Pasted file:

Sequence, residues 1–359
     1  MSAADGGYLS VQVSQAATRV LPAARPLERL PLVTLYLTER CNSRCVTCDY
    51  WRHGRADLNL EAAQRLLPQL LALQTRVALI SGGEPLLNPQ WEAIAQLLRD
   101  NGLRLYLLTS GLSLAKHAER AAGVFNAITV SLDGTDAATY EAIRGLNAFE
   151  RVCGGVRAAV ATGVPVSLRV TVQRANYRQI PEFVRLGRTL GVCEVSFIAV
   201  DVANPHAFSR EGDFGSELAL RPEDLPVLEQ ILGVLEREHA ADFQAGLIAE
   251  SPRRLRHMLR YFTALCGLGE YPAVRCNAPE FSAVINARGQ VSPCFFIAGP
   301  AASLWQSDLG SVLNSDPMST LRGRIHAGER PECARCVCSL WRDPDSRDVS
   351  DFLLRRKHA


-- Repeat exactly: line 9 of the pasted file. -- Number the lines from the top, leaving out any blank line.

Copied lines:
   351  DFLLRRKHA